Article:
When walking through life with any kind of mental health condition, it can be a struggle to work effectively. Five years ago, Singapore-based photographer Likhitha Muralikrishna, who goes by Anyā, was diagnosed with Borderline Personality Disorder and learned that she falls on the Bipolar Spectrum. During this time, Anyā was thrown into questioning her own identity and trying to make sense of her existence. It was through this struggle that Anyā found her way to photography, using the craft to decode and express her sometimes painful thoughts. She decided to live life by a new motto: “Darling, make the pain count. Let the pain lead the way. Strip away the fear.” This abstract still life series is the physical manifestation of this journey.
I built my photographic style around my new-found identity, and you can often find themes talking about mental health in my still life work.
Anyā wanted to find a way to express the culmination of the last few years through her art, and thus this otherworldly still life series was born. For each image, she goes through a series of stages to bring the original ideas to life. She chooses to never act immediately on an idea, but instead goes through bursts of doodling and scribbling down ideas and visions. She then allows them to have time to solidify before attempting to execute them. She often uses the method of drafting sketches and smearing colors to help cope through particularly difficult times, resulting in work with intense passion and emotion.
Every time I have a particularly tough time coping with things, I force myself to sit in front of a sketch book. I write words, I scribble visuals, and smear colours. None of them are coherent thoughts—I leave it up to my saner self to decode these thoughts later.
Because her visions are fairly abstract, finding a way to accurately portray them through photos was challenging. Towards the beginning of this series, Anyā decided that “the colour of the thoughts, the energy held and felt from the thoughts, and the movement of the thoughts,” was what she wanted to represent. Once this was decided, the rest of the visuals began falling into place. Anyā chose glittery backgrounds to be fantastical, and flowers as the subjects because they’re easily identifiable and graphic in nature.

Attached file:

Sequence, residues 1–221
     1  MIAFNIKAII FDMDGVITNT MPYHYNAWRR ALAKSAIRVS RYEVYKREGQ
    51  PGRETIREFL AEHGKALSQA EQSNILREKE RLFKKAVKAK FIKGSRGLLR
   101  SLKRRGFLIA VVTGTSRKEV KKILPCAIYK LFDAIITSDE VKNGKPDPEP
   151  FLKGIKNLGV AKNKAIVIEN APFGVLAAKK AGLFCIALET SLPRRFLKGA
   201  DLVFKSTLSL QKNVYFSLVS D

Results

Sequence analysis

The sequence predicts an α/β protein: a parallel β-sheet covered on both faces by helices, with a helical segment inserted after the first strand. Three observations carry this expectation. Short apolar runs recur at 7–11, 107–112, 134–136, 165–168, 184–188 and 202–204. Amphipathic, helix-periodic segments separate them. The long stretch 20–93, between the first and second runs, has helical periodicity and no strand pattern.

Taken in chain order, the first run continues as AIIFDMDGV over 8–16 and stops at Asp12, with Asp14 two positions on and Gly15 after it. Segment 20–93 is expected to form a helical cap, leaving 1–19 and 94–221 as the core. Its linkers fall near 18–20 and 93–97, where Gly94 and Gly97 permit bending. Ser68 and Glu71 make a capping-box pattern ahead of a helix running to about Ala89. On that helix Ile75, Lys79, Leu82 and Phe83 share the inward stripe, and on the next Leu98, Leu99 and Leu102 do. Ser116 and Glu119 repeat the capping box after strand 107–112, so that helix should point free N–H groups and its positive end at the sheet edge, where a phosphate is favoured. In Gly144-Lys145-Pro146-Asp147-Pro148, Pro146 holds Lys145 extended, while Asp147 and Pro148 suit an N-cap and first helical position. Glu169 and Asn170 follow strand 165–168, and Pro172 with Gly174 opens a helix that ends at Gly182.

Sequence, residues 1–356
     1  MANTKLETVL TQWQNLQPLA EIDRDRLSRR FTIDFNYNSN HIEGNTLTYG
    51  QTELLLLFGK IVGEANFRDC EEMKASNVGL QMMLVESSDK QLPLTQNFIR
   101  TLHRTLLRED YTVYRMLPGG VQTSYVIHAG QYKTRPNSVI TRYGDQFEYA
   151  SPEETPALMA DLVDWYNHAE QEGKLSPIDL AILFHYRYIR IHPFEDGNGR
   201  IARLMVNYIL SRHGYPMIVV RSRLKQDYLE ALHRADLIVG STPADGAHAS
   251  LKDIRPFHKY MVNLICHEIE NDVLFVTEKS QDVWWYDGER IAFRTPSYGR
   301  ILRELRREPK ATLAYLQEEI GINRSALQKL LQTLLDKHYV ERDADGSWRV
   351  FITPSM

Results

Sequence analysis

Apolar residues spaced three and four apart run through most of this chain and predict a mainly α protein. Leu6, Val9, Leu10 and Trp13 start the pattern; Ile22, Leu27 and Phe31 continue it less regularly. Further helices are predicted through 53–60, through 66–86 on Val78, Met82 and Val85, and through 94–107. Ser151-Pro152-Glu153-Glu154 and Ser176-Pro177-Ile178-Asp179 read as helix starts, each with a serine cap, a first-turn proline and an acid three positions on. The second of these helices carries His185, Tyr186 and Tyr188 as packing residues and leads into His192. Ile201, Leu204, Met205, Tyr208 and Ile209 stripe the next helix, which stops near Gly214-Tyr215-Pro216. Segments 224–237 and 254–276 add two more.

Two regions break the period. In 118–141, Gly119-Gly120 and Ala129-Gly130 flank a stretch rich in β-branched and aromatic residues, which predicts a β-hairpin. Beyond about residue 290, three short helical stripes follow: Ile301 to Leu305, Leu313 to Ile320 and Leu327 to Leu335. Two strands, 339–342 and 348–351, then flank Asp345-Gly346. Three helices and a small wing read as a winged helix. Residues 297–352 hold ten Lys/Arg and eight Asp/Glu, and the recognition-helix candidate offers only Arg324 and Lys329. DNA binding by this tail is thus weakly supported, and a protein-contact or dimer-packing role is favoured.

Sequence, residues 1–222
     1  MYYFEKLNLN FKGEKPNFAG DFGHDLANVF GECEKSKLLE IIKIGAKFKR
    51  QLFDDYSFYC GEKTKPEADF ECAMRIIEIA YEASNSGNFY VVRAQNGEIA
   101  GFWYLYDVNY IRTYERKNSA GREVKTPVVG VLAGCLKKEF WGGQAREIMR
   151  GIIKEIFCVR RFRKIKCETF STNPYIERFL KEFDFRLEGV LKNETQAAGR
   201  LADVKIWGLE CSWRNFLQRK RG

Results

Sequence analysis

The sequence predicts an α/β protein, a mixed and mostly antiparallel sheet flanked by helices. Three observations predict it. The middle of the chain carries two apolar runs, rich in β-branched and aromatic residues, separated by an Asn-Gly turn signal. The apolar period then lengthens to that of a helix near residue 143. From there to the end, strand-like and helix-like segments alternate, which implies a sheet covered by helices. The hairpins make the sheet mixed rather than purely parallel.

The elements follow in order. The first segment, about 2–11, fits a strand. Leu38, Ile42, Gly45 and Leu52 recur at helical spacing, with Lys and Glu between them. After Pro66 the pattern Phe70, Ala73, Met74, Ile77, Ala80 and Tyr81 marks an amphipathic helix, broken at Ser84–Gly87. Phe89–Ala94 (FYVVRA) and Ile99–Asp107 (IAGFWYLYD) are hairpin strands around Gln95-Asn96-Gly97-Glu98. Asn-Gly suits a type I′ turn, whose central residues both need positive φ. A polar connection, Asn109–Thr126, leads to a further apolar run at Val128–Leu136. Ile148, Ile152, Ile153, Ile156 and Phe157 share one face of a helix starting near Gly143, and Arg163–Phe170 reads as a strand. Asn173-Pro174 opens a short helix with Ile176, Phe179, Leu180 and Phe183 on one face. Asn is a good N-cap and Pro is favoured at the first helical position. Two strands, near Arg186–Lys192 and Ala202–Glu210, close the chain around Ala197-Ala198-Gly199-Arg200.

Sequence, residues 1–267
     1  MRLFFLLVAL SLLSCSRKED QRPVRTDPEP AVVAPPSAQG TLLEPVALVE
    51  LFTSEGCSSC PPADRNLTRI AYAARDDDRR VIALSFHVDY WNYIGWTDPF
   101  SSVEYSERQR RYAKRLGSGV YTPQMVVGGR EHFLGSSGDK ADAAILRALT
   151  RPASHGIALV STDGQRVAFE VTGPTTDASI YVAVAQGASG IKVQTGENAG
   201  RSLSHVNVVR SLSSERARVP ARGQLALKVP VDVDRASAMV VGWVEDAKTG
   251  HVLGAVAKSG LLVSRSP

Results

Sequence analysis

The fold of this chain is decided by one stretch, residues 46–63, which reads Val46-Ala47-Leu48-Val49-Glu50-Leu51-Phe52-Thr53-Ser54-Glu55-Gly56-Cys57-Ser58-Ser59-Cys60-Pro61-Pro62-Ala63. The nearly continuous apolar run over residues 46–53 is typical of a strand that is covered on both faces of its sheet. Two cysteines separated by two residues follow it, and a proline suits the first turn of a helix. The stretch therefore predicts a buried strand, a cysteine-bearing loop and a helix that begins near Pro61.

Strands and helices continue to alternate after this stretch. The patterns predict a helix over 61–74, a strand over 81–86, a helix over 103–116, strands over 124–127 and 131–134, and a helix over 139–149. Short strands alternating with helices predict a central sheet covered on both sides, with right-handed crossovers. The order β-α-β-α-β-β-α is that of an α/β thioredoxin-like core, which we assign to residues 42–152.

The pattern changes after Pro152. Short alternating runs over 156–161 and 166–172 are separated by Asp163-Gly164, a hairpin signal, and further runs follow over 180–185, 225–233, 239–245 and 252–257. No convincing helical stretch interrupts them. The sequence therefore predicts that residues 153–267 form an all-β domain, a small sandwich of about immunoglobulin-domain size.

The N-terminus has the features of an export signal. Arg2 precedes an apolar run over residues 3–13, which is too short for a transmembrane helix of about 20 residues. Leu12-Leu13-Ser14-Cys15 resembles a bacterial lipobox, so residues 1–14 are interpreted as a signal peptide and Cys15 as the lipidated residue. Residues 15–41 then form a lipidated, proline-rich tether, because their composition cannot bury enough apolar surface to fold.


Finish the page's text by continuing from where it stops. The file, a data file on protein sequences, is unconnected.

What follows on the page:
I envisioned a starry night with rich blue tones. I knew I wanted to portray motion and light trails, and that they would stand out more on a darker background. This was not a dream, this was an alternate reality that I wanted to represent and it was important to have a certain crispness to the colours.
To achieve the effect she envisioned, Anyā had to go through a lot of trial and error for which materials would create the desired look. After a few months of trying, inspiration struck when she saw a fashion editorial with a model wearing stockings with the perfect sheen and sparkle. After obtaining the perfect rich blue and glittered stockings, she sought out a flower shop for the subjects of her series. She picked out the perfect ones, set the date of the shoot, and placed the order so she could have the freshest selections possible in front of the camera.
When the time came to shoot, Anyā made sure she was fully prepared.
As with any other still-life shoot, I keep my regular kit with me made of: brushes of different sizes, wooden sticks, translucent strings, clips and scissors, various tapes, and reflectors made of different materials and colours.
To create the canvases, Anyā stretched the blue stockings over a black background to make the colors more saturated. In the middle of the stocking, she cut a small hole and inserted the stems of the various flowers. A few required more finesse with weighting the flower from the back to keep the heavy flower head in place. For some of the long exposure shots, she moved the camera slightly to create the effect we see. For others, the framing and depth of the background was more difficult, so she had to move the plant itself.
She also had to be clever working with the delicate flowers, because they would begin looking dry and wilted after sitting in the hot light. Anyā created an ice bath which she would set them in while she was in between shots.
To me, abstract ideas are the hardest to translate into an image. It was not just another picture of a flower. To me these meant something— and that was to interpret my state of mind.
For Anyā, this was her first time trying to have her work directly reflect her mental health, though she recognizes it is indirectly a part of all of her work. She was excited to broach such a stigmatized area and show it in a beautiful light.
As Anyā receives positive feedback on this series and its beautiful connection to the world of mental health, she plans to keep developing her work. She’d like to have interpretations of all the different aspects of the Bipolar Spectrum, and style them in such a way that it can be an extension of this already brilliant original series.
To see more of Anyā’s photography, check out anya-photography.com!